char units [ 7 ] = {"inches"  etc.

I suggest you reread my last post and try that exercise again. It addresses this exact issue.

You should also invest in 2 good C books:
1) a structured learning book such as "Learn C in 21 Days"
2) a language reference such as "A Book on C" (author?)  or  "The C Programming Language" (Kernigan & Ritchie)
The first one will help you learn the language.  The 2nd will live on your desk forever.
I have been programming C & Unix for 17 years and have well-used copies of "OOP with C++ in 21 days" (Perry) and "Programming In C" (Kochan) in arms reach.
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Expert Comment

ID: 9698619
Oh yeah...
Your #includes are fine.  You probably won't need <math.h> though.   It is mostly for square roots and trig and stuff.  Basic math is built right into the language.
0

Author Comment

ID: 9700086
char units [ 45 ] = {"inches", "meters", "quarts", "liters", "pounds", "kilograms", "feet"};
...
...
...
printf("\n How many %s  are in %.4f %s ?" , unit[i], a, unit[i]);
scanf("%s %.4f %s", "unit[i]", &a, "unit[i]");
if((i==inches) && (i==meters)&&(i==feet))
{
printf("\n %.4f %s", &a, "unit[i]");
inches* = 0.0254*a meters;
meters/ =  a / 39.3701 inches;
feet* = 0.3048*a meters;
meters / = a / 3.28084 feet;
inches* = a*.083333 feet;
feet * = a* 12 inches;
meters * = a * 1 meters;
inches * = a * 1 inches;
feet * = a * 1 feet;
return;
}
else((i==inches, meters, feet) != (i==pounds, kilograms, quarts, liters))
printf("\n\n ERROR");

if((i==quarts)&&(i==liters))
{
printf("\n %.4f %s", &a, "unit[i]");
quarts * = a* 0.946 liters;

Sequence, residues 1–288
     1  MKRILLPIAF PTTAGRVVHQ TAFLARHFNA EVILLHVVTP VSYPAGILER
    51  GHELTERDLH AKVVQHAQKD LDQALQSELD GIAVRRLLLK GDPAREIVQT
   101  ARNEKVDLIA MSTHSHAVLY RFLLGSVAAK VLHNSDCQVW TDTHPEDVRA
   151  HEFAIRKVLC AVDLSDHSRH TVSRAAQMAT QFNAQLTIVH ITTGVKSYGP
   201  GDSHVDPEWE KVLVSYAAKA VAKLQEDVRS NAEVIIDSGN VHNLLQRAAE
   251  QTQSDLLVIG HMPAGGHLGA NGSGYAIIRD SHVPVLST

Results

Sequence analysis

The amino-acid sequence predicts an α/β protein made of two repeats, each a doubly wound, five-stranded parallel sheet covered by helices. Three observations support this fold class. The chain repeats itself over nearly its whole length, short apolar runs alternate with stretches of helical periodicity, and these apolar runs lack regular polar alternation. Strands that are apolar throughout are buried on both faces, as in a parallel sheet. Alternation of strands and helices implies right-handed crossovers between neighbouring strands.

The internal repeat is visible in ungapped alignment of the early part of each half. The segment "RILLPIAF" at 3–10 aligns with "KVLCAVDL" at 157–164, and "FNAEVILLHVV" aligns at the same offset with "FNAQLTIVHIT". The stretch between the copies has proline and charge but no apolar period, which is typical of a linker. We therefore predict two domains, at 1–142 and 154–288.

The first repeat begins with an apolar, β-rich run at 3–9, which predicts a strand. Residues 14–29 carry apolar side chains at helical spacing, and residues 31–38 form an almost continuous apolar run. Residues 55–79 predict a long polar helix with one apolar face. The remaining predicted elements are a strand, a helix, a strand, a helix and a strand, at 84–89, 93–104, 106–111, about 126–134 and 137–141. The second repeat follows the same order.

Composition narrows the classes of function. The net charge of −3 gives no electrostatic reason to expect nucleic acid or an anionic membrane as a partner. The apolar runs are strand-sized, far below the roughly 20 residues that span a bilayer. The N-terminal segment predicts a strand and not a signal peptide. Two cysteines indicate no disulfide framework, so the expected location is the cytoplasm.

quarts * = a * 1quarts;
liters *= a * 1.057 quarts;
liters * =  a * 1 liters;
return;
}
else((i==quarts, liters) != (i=inches, meters, feet, kilograms, pounds))
printf("\n\n ERROR);

if((i==pounds)&&(i==kilograms))
{
printf("\n %.3f %s", &a, "unit[i]");
pounds * = a * 0.453592 kilograms;
pounds * = a * 1 pounds;
kilograms * = a * 2.20462 pounds;
kilograms * = a * 1 kilograms;
return;
}
else((i==pounds, kilograms) != (i== inches, meters, feet, quarts, liters))
printf("\n\n ERROR");
return 0;

0

Author Comment

ID: 9700090
return 0;
}
0

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Accepted Solution

guynumber5764 earned 500 total points
ID: 9703131
I doubt this compiled.
0

Author Comment

ID: 9703216
yeah, I make sure it won't work. One my computer which has C progamming was broken, so I cannot type my codes. However, I am sure that this won't work. I just tried to do my best and thought harder and harder. I used array and string, I think I cannot make the code for this problem. It is tooooo difficult for me. I think I should give up solving this problem.
0

Author Comment

ID: 9703296
#include <stdio.h>

int main()
{
char str[100];
char *str2 = "I gave up solving this problem";
str2 = str;
strcpy(str, "I gave up this \' ****in\' problem");
printf("\n\n\n Thank you very much");
return 0;
}
0

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Expert Comment

ID: 9703499
You are welcome.
Don't be discouraged.  You took on a pretty challenging problem and, in the process, learned a bunch of C.  If you can find an "introduction to C"-type course or a book with a structured approach to teaching C you will find it easier.  The fact is that you are trying to learn a new language.  Without knowing the language, it is very difficult to judge how hard a given problem is.  The books and the courses will give you the excercises in a logical sequence with plenty of explanation and feedback at each step of the way.

0

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Expert Comment

ID: 9703557
Also always remember that the compiler is trying to talk to you.  Listen carefully and try to figure out what the warningas and errors mean to get real insights into how the language works.  If you get stuck on an error you can always open a question here with both the error message and the code from a few lines around the error.  The experts are always happy to answer a question in that format.

One more thought.  When the compiler completely barfs and gives you a million error messages just worry about the first one.  Fixing it will often fix everything.  You will soon understand why.
0

Author Comment

ID: 9705361
TELL ME THE ANSWER
0

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Expert Comment

ID: 9705426
NO.